Conflicting Accounts of an ICE Raid in Md.
Wednesday, February 18, 2009
The boss was not happy. His elite team of immigration officers had been raiding targets across Prince George's and Montgomery counties all night long in search of fugitive and criminal immigrants but had netted only a handful.
As the unit regrouped in its Baltimore office that frigid January morning two years ago, the supervisor warned members that they were well behind a Washington-mandated annual quota of 1,000 arrests per team and ordered them back out to boost their tally.
"I don't care where you get more arrests, we need more numbers," he said, according to one account in a summary of an internal investigation. The boss then added that the agents could go to any street corner and find a group of illegal immigrants, according to the summary, not previously made public.
About an hour later, the nine-person team went to a nearby 7-Eleven and arrested 24 Latino men. But most of the detainees were hardly the threats to the United States that the team was designed to focus on.
The officers were part of a special unit that U.S. Immigration and Customs Enforcement (ICE) launched in the wake of the Sept. 11, 2001, attacks to hunt suspected terrorists or dangerous criminals who are "fugitive aliens," meaning they have evaded a deportation order. And although many of the 24 Latinos detained at the 7-Eleven were found to have been in the country illegally, 14 were not fugitive immigrants. One, Ernesto Guillen, was merely stopping for coffee on his way to join his wife at Johns Hopkins Hospital, where their 4-year-old son was undergoing chemotherapy for leukemia.
The Jan. 23, 2007, incident, described in ICE documents and shown in security camera footage obtained by The Washington Post, offers a glimpse into how Washington's directives on arrest targets might have spurred officers in the field to stray from their mission and stage a random sweep for illegal immigrants, possibly in violation of ICE's stated practice.
Even as ICE's National Fugitive Operations Program has garnered more than $625 million from Congress since its launch in 2003, critics have long suspected that Washington's practice of setting goals for apprehensions has led teams to bring in tens of thousands of immigrants who have not evaded a deportation order or committed a crime -- as opposed to being in the country unlawfully, which is a civil violation.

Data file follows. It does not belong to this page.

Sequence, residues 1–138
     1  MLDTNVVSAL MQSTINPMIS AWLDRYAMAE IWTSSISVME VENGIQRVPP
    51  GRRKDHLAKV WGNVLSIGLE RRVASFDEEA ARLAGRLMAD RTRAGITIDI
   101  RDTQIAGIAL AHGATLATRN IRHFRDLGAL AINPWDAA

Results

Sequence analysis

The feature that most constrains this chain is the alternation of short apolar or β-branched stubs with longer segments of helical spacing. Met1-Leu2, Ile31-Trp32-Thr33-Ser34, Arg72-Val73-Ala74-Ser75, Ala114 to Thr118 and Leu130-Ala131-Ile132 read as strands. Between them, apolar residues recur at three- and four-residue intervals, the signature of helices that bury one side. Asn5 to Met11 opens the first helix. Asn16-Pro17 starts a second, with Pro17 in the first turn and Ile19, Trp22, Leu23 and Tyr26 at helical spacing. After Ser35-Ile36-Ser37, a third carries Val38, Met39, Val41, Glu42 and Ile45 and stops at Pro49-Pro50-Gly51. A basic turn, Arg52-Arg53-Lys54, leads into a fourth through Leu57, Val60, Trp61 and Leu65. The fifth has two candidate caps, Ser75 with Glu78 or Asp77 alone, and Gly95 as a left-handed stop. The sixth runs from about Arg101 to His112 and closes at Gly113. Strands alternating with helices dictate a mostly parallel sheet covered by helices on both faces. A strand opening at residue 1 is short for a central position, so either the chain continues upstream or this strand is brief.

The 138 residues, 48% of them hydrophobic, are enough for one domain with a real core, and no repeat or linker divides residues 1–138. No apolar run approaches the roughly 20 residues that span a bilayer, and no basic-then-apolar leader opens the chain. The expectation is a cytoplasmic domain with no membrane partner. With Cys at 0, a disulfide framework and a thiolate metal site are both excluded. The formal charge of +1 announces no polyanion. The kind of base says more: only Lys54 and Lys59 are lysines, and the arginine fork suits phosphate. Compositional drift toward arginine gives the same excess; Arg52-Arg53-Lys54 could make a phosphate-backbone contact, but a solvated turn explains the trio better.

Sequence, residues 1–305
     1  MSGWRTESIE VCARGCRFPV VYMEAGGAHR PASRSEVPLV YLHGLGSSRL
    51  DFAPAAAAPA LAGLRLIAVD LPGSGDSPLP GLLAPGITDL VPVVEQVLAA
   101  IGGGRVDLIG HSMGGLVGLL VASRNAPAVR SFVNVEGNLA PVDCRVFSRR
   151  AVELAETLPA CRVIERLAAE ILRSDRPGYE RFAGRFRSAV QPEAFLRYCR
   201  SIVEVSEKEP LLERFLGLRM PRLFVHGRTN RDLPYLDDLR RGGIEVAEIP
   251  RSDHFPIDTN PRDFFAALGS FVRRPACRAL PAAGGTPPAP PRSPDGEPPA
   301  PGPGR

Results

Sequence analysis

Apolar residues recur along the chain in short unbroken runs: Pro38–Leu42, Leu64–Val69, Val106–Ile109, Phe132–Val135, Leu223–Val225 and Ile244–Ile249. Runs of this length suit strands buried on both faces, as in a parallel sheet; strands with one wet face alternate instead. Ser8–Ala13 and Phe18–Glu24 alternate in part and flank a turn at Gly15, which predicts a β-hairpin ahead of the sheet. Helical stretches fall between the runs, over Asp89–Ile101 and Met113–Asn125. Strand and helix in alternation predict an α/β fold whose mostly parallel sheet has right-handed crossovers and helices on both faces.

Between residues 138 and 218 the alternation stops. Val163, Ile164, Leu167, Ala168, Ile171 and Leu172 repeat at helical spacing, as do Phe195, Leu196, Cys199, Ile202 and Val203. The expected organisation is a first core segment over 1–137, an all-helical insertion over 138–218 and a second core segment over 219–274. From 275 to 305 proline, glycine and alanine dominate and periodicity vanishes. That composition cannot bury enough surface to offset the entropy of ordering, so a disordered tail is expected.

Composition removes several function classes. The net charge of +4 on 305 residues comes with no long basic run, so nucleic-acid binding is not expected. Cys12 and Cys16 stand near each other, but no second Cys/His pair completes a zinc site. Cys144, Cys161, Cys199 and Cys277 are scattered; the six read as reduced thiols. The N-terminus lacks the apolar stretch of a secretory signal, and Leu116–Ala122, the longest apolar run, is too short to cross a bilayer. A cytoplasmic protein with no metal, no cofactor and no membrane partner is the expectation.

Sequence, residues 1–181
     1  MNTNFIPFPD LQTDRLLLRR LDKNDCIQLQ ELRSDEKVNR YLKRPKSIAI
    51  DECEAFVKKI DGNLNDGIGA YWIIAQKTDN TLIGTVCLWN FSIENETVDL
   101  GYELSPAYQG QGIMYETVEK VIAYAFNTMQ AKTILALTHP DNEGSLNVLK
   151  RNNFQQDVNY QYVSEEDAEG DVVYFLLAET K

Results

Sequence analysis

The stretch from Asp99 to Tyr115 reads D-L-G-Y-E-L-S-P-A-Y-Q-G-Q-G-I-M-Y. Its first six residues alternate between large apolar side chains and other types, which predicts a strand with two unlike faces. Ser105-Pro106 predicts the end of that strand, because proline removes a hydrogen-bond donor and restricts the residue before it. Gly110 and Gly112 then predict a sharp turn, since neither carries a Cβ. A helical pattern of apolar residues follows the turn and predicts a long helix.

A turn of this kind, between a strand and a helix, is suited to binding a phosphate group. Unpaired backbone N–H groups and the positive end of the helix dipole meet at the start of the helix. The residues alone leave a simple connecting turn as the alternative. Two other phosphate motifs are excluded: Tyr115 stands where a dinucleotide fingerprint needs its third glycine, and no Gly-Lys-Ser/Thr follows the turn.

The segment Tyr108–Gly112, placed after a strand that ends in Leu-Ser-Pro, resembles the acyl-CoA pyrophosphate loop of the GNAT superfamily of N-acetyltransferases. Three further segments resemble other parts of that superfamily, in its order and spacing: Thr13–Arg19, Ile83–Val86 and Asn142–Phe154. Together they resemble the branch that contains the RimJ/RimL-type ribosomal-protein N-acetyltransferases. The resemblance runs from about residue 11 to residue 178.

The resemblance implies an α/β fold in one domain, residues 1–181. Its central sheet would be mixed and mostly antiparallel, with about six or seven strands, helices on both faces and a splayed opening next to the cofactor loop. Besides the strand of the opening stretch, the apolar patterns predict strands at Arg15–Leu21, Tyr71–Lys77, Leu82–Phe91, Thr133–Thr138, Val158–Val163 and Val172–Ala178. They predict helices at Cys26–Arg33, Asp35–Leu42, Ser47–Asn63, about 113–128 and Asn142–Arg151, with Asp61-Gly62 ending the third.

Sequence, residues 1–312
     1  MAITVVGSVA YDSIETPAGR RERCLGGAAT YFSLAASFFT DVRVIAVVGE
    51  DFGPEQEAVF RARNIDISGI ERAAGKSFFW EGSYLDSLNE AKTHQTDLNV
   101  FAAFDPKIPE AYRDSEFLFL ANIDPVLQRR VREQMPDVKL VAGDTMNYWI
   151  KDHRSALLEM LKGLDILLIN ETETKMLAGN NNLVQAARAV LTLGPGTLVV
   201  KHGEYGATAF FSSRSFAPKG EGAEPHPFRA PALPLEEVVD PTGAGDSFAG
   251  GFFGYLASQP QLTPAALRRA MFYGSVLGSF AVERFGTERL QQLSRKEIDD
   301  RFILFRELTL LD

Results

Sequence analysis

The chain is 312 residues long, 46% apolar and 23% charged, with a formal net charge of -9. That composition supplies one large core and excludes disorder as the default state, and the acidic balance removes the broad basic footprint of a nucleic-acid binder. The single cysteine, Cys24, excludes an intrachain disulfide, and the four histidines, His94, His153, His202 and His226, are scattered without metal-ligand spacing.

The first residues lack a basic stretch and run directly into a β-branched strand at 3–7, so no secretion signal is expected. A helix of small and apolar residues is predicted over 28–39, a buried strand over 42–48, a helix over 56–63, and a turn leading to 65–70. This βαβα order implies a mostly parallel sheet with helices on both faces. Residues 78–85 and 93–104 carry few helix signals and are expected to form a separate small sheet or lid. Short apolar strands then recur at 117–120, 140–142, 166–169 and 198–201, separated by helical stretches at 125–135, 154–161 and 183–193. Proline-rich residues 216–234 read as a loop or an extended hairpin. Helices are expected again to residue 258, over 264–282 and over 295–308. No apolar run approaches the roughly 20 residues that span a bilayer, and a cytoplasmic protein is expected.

Recently, researchers from the Benjamin N. Cardozo School of Law in New York and the Migration Policy Institute in Washington released a report revealing a dramatic leap in arrests of immigrants who were neither fugitives nor criminals in 2006 and 2007 after officers were permitted to count non-fugitives toward their goal if such detainees were encountered in the course of an operation.
When a reporter contacted ICE for this article, spokeswoman Kelly A. Nantel disclosed that as of Feb. 4, ICE leadership had altered the annual goal of 1,000 arrests for each team. Instead, each team must now identify and target -- though not necessarily arrest -- 50 fugitives each month, as well as 500 a year as part of operations with other teams.
Nantel cited new statistics showing that in the 2008 fiscal year, the share of non-fugitive arrests by the teams dropped -- from 40 percent to 24 percent of arrests nationwide and to 6 percent of those made by the Baltimore team. Meanwhile, the new secretary of homeland security, Janet Napolitano, has requested a review of fugitive operations.
Yet the aftermath of the 7-Eleven incident points to potential difficulties in changing ICE's institutional culture.
The initial account given by the agency, and supported in sworn declarations later made by some of the officers involved, was that the team had stopped at the 7-Eleven for a break when a group of Latino men approached, looking for day labor work. The officers said the men, when asked, voluntarily admitted to being in the country illegally, thus providing lawful grounds for their arrest.